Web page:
Gov. Ige Approves New Rabies Quarantine Rules
Governor David Ige recently signed new rules for the state’s rabies quarantine program, which prevents rabies from being introduced into Hawaiʻi. The main changes shorten the waiting periods for pet owners following the 5 Day or Less Rabies Quarantine Program, which allows pets to avoid physical quarantine in Hawaiʻi through a strict protocol of required rabies vaccinations and blood testing.
The new rules will go into effect on Aug. 31. The Hawaiʻi Board of Agriculture approved the new rules after public hearings were held statewide.
“It is vitally important that we protect our state from the introduction of rabies, not only for animal health, but human health,” Gov. Ige said. “These quarantine rule changes have been researched to maintain adequate safeguards to keep rabies and other tick-borne diseases out of Hawaiʻi.”
Under previous rules, there was a waiting period of 120 days after the blood antibody (FAVN) test and a 90 day wait after the last rabies vaccination before arriving in Hawaiʻi. The new rules shorten those waiting periods to 30 days for both requirements. This rule change only affects the 5 Day or Less program. Pets that do not follow the program requirements are still subject to the full 120-day quarantine if they are being transported to Hawaiʻi.
“Many may not realize the importance of the quarantine program since we don’t have to worry about rabies because we live in the only state that is rabies-free,” said Scott Enright, chairperson of the Hawaiʻi Board of Agriculture. “Over the years, the Department of Agriculture has continuously considered ways to make the process less burdensome for pet owners, while preserving the integrity of the quarantine program.”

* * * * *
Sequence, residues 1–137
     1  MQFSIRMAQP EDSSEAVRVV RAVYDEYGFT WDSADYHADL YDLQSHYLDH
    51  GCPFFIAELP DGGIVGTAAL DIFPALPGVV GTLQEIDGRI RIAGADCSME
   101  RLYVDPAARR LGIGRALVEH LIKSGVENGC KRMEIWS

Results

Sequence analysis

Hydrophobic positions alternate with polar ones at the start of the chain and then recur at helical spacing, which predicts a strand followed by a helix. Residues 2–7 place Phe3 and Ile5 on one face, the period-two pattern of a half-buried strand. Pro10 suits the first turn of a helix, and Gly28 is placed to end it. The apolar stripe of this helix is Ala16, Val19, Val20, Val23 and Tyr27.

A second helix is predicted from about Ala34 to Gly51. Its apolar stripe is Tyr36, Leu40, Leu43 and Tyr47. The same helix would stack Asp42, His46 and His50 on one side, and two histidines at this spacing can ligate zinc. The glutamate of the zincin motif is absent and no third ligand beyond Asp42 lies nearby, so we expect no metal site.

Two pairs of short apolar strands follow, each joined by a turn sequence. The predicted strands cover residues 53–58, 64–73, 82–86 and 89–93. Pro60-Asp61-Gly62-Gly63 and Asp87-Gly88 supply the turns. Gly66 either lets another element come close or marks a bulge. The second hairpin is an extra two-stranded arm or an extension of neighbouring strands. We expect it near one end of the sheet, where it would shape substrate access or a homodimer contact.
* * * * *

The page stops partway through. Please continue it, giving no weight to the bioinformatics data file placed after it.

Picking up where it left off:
In 2017, the Hawaiʻi Department of Agriculture processed more than 16,500 dogs and cats entering Hawaiʻi. Out of all these pets, 90 percent of them were qualified to be released at the airport.
The main changes to the 5 Day or Less Rabies Quarantine Program are shown below:
|Requirement||Current Rule||New Rule|
|Minimum waiting period after
successful FAVN rabies titer test before arriving in Hawaiʻi
Minimum waiting period after most recent rabies vaccination before arriving in Hawaiʻi
|Direct Airport Release
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5 Days or Less
Neighbor Island Permit
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Under the 5 Day or Less program, pets may be released at Daniel K. Inouye International Airport if they complete all the pre-arrival requirements, which include:
Two rabies vaccinations, with the last vaccination administered no more than one year prior to arrival if it was a one-year licensed vaccine, or no more than three years prior to arrival if it was a three-year vaccine. (The two vaccinations may not be administered less than 90 days of each other; and the most recent vaccine must be administered no less than 30 days prior to the pet’s entry into the state).
A microchip implantation for identification purposes.
Blood serum (OIE-FAVN) rabies test results with > 0.5 U/mil level of rabies antibodies.
A 30-day pre-arrival waiting period between the time the lab receives the blood sample and the earliest date the pet may enter the state under the program.
A Health certificate issued by an accredited veterinarian no more than 14 days before arriving in Hawaii indicating the pet is not showing signs of infectious or contagious disease and was treated for external parasites (ticks and fleas).
Found to be free of external parasites upon arrival inspection; and required paperwork must be received more than 10 days prior to the pet’s arrival.
Those traveling directly to Kahului, Maui; Lihue, Kauaʻi and Kona, Hawaiʻi Island must follow additional requirements for entry.
More information on the new rabies quarantine program rules can be found on the department’s website.
Rabies is a deadly disease most often transmitted through the bite of a rabid animal. The majority of rabies cases reported to the Centers for Disease Control and Prevention each year occur in wild animals like raccoons, skunks, bats, and foxes. However, in 2015, about eight percent of the rabies cases involved dog and cats.
According to the CDC, human rabies deaths in the US are rare. However, the public health costs associated with disease detection, prevention, and control is estimated at up to $500 million annually. These costs include the mandatory vaccination of animals, animal control programs, maintenance of rabies laboratories, and medical costs, for postexposure treatment. An estimated 59,000 humans died from rabies globally.
Additional information on rabies prevention can be found by visiting these websites: